performed so that traffic admitted into the network based on metered “color”: Green (admitted
frames), yellow (“best-effort” transmission), or red (discarded frames).

Hierarchical scheduling to define the order in which the various flows are forwarded, using a two-step
scheduling mechanism so that each flow receives the desired priority. Advanced queue management
techniques also serve to ensure minimal latency and jitter, even when a large amount of bursty traffic
is sent over the same link.

Shaping to smooth out bursts and avoid buffer overruns in subsequent network elements.

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Teleprotection over Packet

Packet editing and marking to signal proper handling instructions for subsequent network elements

Figure 2: Packet-based traffic management and hierarchical QoS tools

3.3. Performance Monitoring and Testing

Carrier Ethernet offers a wealth of tools to test, monitor and troubleshoot the communications links
operation. A comprehensive Ethernet OAM (operations, administration and maintenance) suite, delay,
jitter, and packet loss measurement schemes, diagnostic loopbacks, and other means are available
remotely and automatically conduct the following functionalities:

ƒ Connectivity verification

ƒ Stress testing

ƒ Performance monitoring

ƒ Fault detection and isolation

ƒ Fault propagation and isolation

Remote testing, end-to-end visibility and proactive monitoring capabilities help utility network
operators anticipate service degradation ahead of time, as well as to cut down truck-rolls and on-site
technician calls, thereby ensuring consistent performance and lowering operational costs (OpEx).

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Teleprotection over Packet

3.4. Timing Synchronization over Packet

As mentioned above, packet switched networks were not designed with built-in synchronization
mechanisms, requiring complementary clock transfer solutions to ensure a stable network with
predictable performance – particularly for applications that are delay and jitter sensitive, such as
protection and SCADA. Up until recently, the prevailing custom entailed the use of a GPS at each
node/service point; however, the equipment costs involved are considerably high.

There are several methods in use today for ensuring synchronization in an all-packet environment.
The most popular two are based on the ITU-T Synchronous Ethernet (Sync-E) methodology, which
uses the Ethernet physical layer to accurately distribute frequency, and on the IEEE 1588-2008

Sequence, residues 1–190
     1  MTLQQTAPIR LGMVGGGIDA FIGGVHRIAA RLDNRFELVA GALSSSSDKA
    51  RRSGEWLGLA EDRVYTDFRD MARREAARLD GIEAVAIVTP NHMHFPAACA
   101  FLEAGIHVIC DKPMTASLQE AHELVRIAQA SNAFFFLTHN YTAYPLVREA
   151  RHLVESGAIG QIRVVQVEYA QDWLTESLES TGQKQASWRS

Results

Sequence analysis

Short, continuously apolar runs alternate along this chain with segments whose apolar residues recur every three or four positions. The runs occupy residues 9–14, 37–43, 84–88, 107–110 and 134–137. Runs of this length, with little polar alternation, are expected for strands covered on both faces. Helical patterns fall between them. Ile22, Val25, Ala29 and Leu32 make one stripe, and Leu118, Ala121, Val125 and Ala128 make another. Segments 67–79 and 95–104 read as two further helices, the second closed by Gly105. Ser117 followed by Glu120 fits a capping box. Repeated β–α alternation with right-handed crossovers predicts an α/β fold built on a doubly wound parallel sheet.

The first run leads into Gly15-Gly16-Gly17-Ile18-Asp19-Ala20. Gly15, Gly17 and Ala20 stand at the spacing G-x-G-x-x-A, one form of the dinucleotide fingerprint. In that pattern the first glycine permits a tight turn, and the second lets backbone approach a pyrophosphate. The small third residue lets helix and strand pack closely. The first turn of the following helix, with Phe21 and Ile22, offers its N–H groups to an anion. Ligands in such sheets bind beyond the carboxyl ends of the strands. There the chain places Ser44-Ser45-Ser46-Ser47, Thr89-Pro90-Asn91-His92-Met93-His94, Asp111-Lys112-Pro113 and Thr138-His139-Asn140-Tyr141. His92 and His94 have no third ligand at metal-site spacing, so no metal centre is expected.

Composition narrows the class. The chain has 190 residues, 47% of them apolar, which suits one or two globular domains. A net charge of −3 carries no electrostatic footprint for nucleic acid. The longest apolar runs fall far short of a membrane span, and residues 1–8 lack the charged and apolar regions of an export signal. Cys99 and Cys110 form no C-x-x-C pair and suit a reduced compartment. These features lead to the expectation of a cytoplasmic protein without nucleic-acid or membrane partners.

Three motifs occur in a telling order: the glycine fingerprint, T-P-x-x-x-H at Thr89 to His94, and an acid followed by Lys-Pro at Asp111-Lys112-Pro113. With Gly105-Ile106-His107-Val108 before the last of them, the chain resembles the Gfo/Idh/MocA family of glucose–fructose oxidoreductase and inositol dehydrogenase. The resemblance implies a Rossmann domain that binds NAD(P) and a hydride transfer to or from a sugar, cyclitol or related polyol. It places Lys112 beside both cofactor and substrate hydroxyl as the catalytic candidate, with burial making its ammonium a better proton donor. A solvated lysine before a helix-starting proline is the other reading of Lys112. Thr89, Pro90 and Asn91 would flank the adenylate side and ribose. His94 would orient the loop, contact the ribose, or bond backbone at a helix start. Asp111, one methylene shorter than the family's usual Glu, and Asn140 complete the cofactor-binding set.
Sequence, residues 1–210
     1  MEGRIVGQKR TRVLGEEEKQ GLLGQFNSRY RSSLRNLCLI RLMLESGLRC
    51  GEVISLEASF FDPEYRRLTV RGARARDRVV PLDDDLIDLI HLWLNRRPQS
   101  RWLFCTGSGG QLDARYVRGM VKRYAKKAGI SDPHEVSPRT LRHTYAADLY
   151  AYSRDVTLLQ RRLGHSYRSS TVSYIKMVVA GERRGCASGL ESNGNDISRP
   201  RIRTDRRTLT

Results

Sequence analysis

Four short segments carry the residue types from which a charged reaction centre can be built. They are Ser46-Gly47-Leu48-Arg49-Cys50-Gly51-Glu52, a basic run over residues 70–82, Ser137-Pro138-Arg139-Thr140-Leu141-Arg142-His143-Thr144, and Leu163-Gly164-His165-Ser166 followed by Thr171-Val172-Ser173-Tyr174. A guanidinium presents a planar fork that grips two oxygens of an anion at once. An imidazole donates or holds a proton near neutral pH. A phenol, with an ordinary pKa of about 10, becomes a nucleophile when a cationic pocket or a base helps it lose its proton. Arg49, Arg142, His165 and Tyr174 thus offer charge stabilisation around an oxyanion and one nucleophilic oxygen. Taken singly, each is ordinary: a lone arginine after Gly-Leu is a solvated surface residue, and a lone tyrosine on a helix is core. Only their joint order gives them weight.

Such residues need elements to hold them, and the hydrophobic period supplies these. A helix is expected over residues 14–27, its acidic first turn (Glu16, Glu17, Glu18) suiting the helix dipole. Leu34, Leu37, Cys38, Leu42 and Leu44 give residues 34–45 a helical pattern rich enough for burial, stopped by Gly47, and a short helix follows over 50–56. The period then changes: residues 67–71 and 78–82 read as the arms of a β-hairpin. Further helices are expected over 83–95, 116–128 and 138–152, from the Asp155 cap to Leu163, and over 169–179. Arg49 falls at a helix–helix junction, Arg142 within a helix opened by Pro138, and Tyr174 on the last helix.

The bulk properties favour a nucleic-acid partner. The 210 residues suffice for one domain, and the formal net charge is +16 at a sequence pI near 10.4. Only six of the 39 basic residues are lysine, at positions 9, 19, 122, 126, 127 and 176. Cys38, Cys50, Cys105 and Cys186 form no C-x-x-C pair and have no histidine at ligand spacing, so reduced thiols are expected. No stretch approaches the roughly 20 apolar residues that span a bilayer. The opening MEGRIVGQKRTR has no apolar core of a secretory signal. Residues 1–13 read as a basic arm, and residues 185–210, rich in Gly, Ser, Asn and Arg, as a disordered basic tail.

Precision Time Protocol standard, which involves timestamp information exchange in a master-slave
hierarchy to deliver frequency, phase and TOD (Time of Day) information. Another method, Adaptive
Clock Recovery (ACR) is a frequency synchronization method in which the clock is distributed over the
PSN as a Constant Bit Rate (CBR) TDM pseudowire stream and regenerated at the receiving end using
the packet’s time-of-arrival information, independently of the physical layer. The clock stream format
is a standard TDM pseudowire (SAToP/CESoPSN) flow.

Due to their sensitive nature, power protection applications require a very high level of clock
precision. IEC standard 61850 specifically addresses utility networks’ needs in timing and
synchronization over packet. It refers to IEEE C37.238 standard profile for use of IEEE Std. 1588
Precision Time Protocol in power system applications. The latter requires 1μs accuracy that is on par
with GPS levels.

Teleprotection communication devices that support clock transfer enable substantive cost savings, as
they eliminate the need for costly dedicated hardware or GPS installations.

3.5. Choosing the Right Packet Network

When migrating to next-gen networks, the decision on the type of technology to employ depends on
such factors as the number of sites to be connected and their size, as well as on the ability of the
selected solution to ensure consistent performance across the different access media available at
each site.

Available options include MPLS (Multi-Protocol Label Switching) using VPLS (Virtual Private LAN
Service) encapsulation, IP/MPLS or Ethernet end-to-end, or a combination of Ethernet access and an